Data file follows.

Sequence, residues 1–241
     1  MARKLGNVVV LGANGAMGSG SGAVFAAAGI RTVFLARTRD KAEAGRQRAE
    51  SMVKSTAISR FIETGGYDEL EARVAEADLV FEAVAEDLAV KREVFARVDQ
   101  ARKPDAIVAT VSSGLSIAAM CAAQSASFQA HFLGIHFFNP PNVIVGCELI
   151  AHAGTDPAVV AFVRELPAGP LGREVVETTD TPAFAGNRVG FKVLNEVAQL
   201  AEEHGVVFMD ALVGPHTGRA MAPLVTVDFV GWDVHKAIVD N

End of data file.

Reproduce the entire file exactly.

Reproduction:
Sequence, residues 1–241
     1  MARKLGNVVV LGANGAMGSG SGAVFAAAGI RTVFLARTRD KAEAGRQRAE
    51  SMVKSTAISR FIETGGYDEL EARVAEADLV FEAVAEDLAV KREVFARVDQ
   101  ARKPDAIVAT VSSGLSIAAM CAAQSASFQA HFLGIHFFNP PNVIVGCELI
   151  AHAGTDPAVV AFVRELPAGP LGREVVETTD TPAFAGNRVG FKVLNEVAQL
   201  AEEHGVVFMD ALVGPHTGRA MAPLVTVDFV GWDVHKAIVD N